During the Great Depression, Procter & Gamble ran a contest giving a new automobile to the winner of their “Why I Like Ivory Soap” contest. The rules required that entries be 50 words or less.
Hundreds of thousands of people, having spent hours thinking about why they liked Ivory Soap, convinced themselves, without any strong threats or coercion, that they really liked Ivory Soap.
Messages that are most memorable and persuasive, to us, are those we talk ourselves into. What we ‘hear ourselves saying’, or ‘see ourselves doing’, in the future causes our self-image to change.
Once a person has made a choice, taken a stand, or made a verbal commitment, they are more likely to do things to be consistent with that choice.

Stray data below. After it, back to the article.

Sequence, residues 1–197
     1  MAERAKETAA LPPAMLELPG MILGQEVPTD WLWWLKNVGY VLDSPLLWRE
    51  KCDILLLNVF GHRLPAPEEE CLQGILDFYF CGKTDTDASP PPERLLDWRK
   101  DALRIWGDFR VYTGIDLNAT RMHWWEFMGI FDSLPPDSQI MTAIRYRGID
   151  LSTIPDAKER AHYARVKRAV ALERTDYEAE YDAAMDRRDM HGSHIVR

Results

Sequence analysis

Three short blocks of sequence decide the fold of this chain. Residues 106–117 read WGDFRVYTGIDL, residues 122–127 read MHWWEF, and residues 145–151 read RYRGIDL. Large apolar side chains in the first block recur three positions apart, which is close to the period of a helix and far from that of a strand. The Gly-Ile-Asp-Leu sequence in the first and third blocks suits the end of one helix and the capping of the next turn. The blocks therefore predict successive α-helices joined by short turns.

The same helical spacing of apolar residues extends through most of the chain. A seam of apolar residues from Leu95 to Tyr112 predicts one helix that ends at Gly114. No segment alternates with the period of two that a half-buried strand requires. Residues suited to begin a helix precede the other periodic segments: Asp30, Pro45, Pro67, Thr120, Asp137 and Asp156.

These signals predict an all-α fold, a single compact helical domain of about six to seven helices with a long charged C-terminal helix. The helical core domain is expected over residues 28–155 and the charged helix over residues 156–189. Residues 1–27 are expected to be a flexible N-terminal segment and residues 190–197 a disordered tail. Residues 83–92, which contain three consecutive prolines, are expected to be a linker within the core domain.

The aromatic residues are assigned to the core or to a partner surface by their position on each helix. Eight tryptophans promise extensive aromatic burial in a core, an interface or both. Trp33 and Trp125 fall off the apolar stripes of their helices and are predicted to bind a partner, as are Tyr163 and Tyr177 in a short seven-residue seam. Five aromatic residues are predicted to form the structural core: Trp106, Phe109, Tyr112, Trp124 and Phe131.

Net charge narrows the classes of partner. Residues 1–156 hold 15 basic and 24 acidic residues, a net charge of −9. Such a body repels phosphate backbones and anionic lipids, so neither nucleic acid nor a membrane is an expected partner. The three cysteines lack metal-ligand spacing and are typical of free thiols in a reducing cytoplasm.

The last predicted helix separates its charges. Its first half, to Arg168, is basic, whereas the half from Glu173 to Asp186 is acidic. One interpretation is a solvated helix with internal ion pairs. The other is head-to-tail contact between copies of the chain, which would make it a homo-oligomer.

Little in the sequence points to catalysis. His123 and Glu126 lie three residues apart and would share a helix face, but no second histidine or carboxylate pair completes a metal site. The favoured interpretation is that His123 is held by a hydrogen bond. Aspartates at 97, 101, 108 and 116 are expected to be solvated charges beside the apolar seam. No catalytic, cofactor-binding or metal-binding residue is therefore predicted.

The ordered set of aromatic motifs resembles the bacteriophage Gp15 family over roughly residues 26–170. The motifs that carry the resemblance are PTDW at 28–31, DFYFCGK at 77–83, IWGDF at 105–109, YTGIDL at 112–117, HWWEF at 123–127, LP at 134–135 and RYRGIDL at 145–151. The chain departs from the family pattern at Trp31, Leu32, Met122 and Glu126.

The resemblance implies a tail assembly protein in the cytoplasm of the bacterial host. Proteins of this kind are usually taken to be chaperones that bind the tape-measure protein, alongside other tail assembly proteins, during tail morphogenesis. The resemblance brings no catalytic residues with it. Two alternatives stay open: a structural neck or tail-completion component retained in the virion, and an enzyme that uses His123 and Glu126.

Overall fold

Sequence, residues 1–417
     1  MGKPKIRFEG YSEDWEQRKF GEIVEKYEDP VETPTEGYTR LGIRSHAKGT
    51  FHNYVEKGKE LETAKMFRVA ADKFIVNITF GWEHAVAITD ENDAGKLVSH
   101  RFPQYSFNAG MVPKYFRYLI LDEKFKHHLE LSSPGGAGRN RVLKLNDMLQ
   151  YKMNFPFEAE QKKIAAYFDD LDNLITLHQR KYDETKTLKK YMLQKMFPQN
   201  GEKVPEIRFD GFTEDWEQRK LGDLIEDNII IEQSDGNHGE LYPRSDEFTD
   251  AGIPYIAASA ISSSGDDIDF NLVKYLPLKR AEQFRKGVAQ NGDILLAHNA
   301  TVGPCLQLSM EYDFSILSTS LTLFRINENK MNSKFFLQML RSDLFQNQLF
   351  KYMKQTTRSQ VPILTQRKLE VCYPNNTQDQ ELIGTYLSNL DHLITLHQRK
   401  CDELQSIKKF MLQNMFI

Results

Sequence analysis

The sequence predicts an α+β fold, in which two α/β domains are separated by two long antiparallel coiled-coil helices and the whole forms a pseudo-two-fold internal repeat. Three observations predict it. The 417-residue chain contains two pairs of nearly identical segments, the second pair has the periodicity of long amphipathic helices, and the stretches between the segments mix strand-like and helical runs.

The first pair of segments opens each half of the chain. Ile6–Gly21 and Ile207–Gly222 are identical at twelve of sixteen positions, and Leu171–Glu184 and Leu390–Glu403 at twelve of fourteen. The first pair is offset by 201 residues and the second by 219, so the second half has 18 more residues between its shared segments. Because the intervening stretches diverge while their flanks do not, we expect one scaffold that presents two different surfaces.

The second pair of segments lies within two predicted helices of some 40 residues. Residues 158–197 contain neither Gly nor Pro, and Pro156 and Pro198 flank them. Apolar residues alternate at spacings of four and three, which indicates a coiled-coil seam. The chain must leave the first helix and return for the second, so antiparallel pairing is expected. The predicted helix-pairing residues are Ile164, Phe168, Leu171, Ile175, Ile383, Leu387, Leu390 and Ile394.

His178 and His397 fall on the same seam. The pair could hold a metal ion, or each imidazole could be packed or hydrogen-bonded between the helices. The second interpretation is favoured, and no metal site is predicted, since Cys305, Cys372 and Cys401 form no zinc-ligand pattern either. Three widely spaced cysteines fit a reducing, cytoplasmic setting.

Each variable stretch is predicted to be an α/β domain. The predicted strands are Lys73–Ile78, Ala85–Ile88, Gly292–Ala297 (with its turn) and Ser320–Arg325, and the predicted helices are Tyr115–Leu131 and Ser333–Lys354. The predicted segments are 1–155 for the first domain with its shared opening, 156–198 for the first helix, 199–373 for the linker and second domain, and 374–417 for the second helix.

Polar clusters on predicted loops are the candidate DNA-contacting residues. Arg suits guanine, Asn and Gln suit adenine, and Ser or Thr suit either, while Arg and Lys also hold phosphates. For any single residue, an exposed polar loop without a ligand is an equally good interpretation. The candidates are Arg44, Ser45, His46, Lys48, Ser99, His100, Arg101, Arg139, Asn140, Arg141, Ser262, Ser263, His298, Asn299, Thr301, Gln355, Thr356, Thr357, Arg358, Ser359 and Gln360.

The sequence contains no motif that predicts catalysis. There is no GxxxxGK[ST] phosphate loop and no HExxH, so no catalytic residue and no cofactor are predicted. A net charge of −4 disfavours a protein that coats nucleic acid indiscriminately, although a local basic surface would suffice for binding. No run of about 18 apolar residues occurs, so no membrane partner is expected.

Procter & Gamble’s very first ad, in 1882, invited readers to share their experiences with other uses for the product.
Kleenex actually started as cold cream removal in 1924. When a customer survey revealed that many more people used it to blow their nose, 1930s slogan became ‘Don’t carry a cold in your pocket’.
These type of campaigns not only provided immeasurable free positive promotion for companies, but resulted in more product sold.
Involving residents in the community, in an activity, gives them the opportunity to respond positively without any pressure. Contributing input one feels a part of something, a relationship develops and their commitment increases. Later, when asked specifically to do something a large percentage of people will.
The Science of Persuasion Principles, based on decades of social psychology research, is used by Fortune 500 companies, retail stores, homeowners associations, community organizers, advertisers, social marketers, politicians and more.